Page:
Credit: ITRI

Credit: ITRI

Last week, I outlined the basis for what can now be viewed as the Taiwan Solar 2.0 phase, with c-Si manufacturing in the country having been reshaped in order to remain competitive in the PV industry going forward.

This article summarises the updated analysis by our in-house research team at PV-Tech, where we have adjusted our models and forecasts for the 20 companies active in Taiwan today producing ingots, wafers, cells and modules in Taiwan. Once we move into Taiwan Solar 2.0, with the imminent mergers and re-assignation of subsidiary factories, this number will move closer to 15 by the end of the year and further downwards at the start of 2019.

The core data used for the analyses below is adapted from the most recent release of the PV Manufacturing & Technology Quarterly report, compiled by the in-house market research team here at PV-Tech.

The themes and narrative underlying the research and methodology were established following my trip last week to Taiwan, overlapping with the rebranded 2018 Energy Taiwan (incorporating the former PV Taiwan Show, and co-located with the country’s Circular Economy Taiwan event), held at the Nangang Exhibition Center in Taipei from 19-21 September.

Resetting the focus from cell to module revenues

During the 2018 Energy Taiwan show last week in Taipei, the revised production plans of all Taiwan manufacturers were heard. The use of the word ‘plan’ here is rather subjective, as only a few companies have real plans going into 2019. Some, in particular those with legacy wafering or multi cell capacity, are still going through the realization phase that 2019 is going to be a year of exiting manufacturing altogether.

Therefore, the revised forecasting we are using now is based on our assessment of what all the companies will do next. This is not too difficult however, as Taiwan manufacturing tends to operate in a collective manner, both in adopting technical improvements and in existing specific manufacturing activities. This will be explained during the rest of this article.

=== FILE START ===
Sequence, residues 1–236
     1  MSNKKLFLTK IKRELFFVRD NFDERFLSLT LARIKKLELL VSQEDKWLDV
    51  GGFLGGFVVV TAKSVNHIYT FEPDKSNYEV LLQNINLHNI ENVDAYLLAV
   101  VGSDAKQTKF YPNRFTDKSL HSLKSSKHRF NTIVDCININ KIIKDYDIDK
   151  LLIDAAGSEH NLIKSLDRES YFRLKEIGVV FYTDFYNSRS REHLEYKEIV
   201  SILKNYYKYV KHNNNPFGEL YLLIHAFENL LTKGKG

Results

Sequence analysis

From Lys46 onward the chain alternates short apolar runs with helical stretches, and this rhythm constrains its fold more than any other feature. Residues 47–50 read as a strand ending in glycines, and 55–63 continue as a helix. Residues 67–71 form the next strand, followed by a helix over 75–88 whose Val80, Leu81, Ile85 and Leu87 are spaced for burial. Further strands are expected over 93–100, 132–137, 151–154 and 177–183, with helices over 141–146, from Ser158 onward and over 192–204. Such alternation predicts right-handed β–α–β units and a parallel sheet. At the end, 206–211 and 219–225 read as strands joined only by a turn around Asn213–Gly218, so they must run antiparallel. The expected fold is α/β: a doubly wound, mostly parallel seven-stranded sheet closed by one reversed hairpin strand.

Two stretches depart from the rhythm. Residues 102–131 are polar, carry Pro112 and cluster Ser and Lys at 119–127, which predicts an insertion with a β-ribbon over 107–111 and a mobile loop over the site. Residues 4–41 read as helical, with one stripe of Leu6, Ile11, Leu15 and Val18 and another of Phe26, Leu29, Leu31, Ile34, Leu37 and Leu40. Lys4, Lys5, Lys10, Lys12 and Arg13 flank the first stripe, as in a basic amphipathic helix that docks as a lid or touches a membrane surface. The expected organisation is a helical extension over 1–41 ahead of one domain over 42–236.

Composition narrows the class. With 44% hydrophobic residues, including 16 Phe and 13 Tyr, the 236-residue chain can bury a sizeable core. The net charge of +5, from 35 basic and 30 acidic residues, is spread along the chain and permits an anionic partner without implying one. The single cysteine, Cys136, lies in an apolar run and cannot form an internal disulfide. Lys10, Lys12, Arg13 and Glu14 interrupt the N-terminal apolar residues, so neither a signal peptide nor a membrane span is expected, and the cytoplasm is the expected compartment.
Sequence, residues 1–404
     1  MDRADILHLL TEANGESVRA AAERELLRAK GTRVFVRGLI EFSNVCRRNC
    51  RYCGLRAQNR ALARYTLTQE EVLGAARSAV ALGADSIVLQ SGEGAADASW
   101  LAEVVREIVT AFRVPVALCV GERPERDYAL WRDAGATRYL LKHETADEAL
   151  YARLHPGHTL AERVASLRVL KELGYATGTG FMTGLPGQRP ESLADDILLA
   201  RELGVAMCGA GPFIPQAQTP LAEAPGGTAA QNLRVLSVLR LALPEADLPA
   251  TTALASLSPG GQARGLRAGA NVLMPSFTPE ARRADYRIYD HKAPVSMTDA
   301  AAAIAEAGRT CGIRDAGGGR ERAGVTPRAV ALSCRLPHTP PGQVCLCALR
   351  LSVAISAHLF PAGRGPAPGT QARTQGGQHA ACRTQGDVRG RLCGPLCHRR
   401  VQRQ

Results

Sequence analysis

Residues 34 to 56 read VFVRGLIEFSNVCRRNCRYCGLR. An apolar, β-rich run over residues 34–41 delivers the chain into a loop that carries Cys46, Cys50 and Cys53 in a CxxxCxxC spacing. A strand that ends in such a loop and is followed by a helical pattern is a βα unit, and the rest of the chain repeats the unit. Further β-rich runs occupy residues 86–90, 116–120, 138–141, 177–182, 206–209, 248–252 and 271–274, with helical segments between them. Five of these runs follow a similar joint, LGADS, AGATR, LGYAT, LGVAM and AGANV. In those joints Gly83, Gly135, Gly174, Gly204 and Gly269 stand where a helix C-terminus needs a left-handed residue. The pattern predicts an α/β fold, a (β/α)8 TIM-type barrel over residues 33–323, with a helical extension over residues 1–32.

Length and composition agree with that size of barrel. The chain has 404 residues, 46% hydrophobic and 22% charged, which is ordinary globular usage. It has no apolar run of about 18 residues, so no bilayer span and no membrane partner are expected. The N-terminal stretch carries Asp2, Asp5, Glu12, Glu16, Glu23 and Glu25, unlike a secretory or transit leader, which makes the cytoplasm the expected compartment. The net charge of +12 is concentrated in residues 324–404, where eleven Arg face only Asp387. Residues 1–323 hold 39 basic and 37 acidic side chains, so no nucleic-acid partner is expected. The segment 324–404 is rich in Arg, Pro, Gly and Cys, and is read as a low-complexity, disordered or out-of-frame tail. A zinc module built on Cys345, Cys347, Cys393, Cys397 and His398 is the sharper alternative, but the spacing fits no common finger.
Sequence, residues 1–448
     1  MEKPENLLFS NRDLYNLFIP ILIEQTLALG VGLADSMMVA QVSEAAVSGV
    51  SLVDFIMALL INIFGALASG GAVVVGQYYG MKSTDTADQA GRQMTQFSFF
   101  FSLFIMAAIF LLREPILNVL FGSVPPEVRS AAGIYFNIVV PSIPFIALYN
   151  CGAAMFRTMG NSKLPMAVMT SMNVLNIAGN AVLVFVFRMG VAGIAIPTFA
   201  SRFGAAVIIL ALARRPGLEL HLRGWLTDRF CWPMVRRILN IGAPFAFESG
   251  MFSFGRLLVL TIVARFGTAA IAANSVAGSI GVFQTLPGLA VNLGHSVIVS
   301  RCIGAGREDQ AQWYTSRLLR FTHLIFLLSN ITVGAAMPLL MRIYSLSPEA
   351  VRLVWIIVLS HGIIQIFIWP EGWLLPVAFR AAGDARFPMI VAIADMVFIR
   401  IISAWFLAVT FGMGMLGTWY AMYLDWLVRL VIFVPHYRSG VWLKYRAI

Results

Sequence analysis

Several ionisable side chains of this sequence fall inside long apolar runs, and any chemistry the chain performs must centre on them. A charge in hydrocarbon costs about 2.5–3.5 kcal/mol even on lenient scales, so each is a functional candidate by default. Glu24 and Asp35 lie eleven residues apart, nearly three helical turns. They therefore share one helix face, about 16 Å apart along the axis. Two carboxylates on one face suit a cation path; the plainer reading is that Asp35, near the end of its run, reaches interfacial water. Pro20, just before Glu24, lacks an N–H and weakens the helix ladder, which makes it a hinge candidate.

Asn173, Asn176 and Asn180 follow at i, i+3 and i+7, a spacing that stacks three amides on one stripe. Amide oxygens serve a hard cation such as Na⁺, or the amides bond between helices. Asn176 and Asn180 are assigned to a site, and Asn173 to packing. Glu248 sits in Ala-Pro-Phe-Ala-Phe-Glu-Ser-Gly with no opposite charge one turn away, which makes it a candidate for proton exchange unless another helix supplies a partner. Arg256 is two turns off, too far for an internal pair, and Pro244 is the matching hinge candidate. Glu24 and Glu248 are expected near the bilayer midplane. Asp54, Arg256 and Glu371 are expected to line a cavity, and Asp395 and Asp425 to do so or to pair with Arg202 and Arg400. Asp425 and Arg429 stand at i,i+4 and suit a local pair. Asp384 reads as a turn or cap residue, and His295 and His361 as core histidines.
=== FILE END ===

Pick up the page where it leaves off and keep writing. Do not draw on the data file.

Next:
The full analysis post-Taipei last week is clearly shown in the graphic below. This tracks historic (2013-2017) and forecast (2018-2019) production across the value-chain (ingot-to-module) for all the companies manufacturing within Taiwan. Any capacity held by Taiwan-headquartered companies outside Taiwan (China, Vietnam, Japan and Thailand) is excluded from this analysis, so to be specific to production in Taiwan only.

Production of PV ingots to modules in Taiwan was previously epitomized by increasing production during the 2013 to 2017 period, with minimal new capacity additions. From 2018 onwards, cell production will decrease, with module production being the only growth segment of the value-chain.

Production of PV ingots to modules in Taiwan was previously epitomized by increasing production during the 2013 to 2017 period, with minimal new capacity additions. From 2018 onwards, cell production will decrease, with module production being the only growth segment of the value-chain.

Explaining the value-chain trends

Referring specifically to the graphic above, ingot production in Taiwan (like much of the capacity in the country in the past) was dominated by casting, with only one company having domestic mono pulling capability. Casting in Taiwan had been the subject of considerable optimization, in particular from Green Energy Technology and even today, ingots (bricks) remain in demand for high-quality multi wafer supply in China. However, 2018-2019 will see significant declines in multi casting levels, with the strong possibility that this part of the value-chain will disappear entirely by 2020, left only with minimal pulling capacity levels.